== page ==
This Member Monday, we’re featuring one of our newest European members, AirTies, to learn about their innovative Wi-Fi access software and understand their experience when it comes to the licensing of standard-essential patents, as well as the threat that abusive behavior by licensors can pose to companies who scale quickly.

Billions of people around the globe depend on a reliable internet connection for work, school, health and more. The growth of the internet of things (IoT) environment has our refrigerators, light switches, and hundreds of other smart home devices relying on a robust internet connection through Wi-Fi to operate effectively. AirTies recognizes the ubiquitous need for Wi-Fi as the gateway to internet access and created a business that aims to extend the range of Wi-Fi signals to bring reliable wireless connectivity to the masses based on industry standards.

Getting Connected

Many think of the average user experience with Wi-Fi as “connect and go,” but Wi-Fi signals aren’t able to extend to every nook and cranny in your home. In fact, surveys from the United States and the UK show that 54 percent of customers call their internet service providers (ISPs) on a regular basis to deal with Wi-Fi coverage issues at home, with 71 percent reporting internet dead zones. Because of this inconsistency, 74 percent of users have expressed a willingness to pay more to have a premium Wi-Fi service.

AirTies team have recognized this problem and created AirTies Managed Wi-Fi Solution, an efficient and affordable solution that extends Wi-Fi signals to all the spots and corners that standalone Wi-Fi routers don’t reach. Their state-of-the-art, proprietary AirTies Mesh Software integrates with service provider internet gateways, TV set-top boxes, and AirTies Mesh Extenders to extend Wi-Fi access to every corner of the house.

The average household has between nine and 12 connected devices, and as that number grows so too could a connectivity problem. AirTies’ Remote Manager, a cloud software service technology improves the quality and reach of Wi-Fi networks and monitors home networks to solve connectivity problems before customers even realize there is an issue.

Boosting the Signal

To enhance the effectiveness and efficiency of Wi-Fi signals, AirTies relies on the technical standards that are the foundation of Wi-Fi technology and builds upon them to compete with other technology developers. The Wi-Fi protocol is developed through the efforts of countless engineers in an open and consensus-based process by the standards-setting organization IEEE. As standards like Wi-Fi are developed through standards processes like IEEE’s, engineers will contribute patented technical solutions that become central to the standard, and use of that patented technology becomes a necessity to implementing the overall standard. In a tradeoff for a greater base of licensees, the patent contributor commits to provide access for any willing licensee on fair, reasonable, and non-discriminatory (FRAND) terms. Any company—including AirTies—utilizing a widely-adopted industry standard, like Wi-Fi, must license access to those standard-essential patents (SEPs) and relies on that FRAND commitment in order to innovate.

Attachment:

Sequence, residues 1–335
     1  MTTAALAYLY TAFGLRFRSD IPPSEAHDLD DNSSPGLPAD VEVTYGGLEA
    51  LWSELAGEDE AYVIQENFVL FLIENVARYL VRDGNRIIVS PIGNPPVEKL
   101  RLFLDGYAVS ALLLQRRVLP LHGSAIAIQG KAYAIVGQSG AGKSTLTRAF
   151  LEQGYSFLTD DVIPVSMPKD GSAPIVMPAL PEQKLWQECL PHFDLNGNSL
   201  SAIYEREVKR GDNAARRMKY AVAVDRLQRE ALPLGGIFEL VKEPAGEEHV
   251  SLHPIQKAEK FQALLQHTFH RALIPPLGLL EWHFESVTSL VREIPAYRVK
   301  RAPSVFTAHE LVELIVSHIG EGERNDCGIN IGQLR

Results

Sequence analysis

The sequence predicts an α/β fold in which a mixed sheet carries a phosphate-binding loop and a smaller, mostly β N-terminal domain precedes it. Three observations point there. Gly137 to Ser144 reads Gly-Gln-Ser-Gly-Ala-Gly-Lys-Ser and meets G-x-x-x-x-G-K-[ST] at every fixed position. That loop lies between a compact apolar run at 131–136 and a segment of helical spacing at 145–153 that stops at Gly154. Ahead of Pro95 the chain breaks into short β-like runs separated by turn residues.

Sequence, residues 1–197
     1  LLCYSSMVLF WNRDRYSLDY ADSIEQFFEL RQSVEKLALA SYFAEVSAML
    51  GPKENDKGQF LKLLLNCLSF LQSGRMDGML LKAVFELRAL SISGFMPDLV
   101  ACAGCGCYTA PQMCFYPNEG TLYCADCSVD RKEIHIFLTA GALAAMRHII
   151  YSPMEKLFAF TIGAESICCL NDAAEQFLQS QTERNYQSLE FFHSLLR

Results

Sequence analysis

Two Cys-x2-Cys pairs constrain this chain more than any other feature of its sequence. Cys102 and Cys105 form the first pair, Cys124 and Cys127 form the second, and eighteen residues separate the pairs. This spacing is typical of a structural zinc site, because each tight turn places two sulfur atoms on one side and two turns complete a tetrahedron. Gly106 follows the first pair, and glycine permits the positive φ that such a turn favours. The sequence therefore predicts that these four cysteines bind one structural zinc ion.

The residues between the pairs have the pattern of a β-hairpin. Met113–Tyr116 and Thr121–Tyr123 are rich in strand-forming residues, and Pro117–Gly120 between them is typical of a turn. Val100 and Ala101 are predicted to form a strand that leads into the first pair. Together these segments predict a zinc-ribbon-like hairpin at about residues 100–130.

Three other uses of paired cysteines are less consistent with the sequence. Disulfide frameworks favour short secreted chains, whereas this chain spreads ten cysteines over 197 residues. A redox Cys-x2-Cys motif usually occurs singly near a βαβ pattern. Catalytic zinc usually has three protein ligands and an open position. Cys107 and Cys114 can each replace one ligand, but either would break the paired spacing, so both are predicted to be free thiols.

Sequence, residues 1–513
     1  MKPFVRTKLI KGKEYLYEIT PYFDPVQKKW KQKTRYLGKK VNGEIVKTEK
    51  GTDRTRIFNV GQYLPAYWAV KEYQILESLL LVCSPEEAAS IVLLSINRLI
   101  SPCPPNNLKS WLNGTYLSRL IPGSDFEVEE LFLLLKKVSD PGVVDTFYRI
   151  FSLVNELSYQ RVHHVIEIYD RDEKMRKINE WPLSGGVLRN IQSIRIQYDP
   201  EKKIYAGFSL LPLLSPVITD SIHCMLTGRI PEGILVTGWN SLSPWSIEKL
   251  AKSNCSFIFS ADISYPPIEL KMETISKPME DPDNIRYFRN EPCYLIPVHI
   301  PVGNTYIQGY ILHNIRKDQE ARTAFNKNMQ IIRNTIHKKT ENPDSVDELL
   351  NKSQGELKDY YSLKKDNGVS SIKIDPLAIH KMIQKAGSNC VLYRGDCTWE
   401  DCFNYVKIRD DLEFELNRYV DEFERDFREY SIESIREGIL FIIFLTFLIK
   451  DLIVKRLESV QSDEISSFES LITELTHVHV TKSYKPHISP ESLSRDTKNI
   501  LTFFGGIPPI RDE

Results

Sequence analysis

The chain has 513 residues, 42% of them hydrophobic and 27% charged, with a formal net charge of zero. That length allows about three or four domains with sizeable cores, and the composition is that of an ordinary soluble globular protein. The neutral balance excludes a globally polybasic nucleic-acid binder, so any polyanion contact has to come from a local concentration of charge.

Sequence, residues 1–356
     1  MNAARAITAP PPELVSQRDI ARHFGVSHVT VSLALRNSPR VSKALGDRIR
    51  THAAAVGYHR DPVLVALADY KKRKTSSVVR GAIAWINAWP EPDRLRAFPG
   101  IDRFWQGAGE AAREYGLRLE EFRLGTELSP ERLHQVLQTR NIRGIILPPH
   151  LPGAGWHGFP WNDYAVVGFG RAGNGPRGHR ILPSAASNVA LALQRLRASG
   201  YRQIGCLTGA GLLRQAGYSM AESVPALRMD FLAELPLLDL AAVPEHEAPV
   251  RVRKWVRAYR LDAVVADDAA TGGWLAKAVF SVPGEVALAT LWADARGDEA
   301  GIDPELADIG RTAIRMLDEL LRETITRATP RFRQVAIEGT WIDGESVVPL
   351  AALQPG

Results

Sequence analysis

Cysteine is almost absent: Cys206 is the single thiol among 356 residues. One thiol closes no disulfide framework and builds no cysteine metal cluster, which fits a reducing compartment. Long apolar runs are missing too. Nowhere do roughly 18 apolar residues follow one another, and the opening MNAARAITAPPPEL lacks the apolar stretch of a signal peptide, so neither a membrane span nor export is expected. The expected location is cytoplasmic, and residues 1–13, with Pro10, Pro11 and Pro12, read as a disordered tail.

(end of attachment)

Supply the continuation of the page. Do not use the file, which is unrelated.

AirTies’ experience with the SEP licensing process tells an important story of the dos and don’ts that IoT innovators sometimes learn the hard way, and it gives rise to concerns about how IoT’s evolution could be stunted. As AirTies has grown and competed in the marketplace, while responsibly addressing the need to attain SEP licenses, the company has experienced SEP holder behavior that runs counter to the letter and spirit of the FRAND commitment. They have experienced non-negotiable demands to sign uneven and nonreciprocal non-disclosure agreements (NDAs), withholding vital information to assess whether patent claims are indeed both valid and essential, threats of disproportionate injunctions, and other forms of gamesmanship aimed at tipping the scale in the favor of the SEP licensor despite the clear FRAND commitment that same licensor voluntarily made.

As IoT expands, experts predict that some 75 billion devices will be connected to the internet by 2020. This explosion will generate entirely new modes of commerce and industry that will make the lives of consumers everywhere more efficient and affordable, and change enterprises across all sectors of the economy. Underpinning IoT is a standards environment that needs to take into consideration the interests of all stakeholders involved, and not just those who hold SEPs. AirTies believes this balance can be achieved by developing and advancing understanding, across the ecosystem, about what an honored FRAND commitment means: SEP licensing terms should be clear, transparent, and predictable.

The App Association is proud to have AirTies as a member and is committed to helping digital economy small business innovators around the world realize balanced standards and SEP licensing ecosystems. The App Association will be organizing a workshop this year for SMEs that would like to know more about the licensing of SEPs, what opportunities they present, and what to look out for. Please keep an eye out for more details on our website.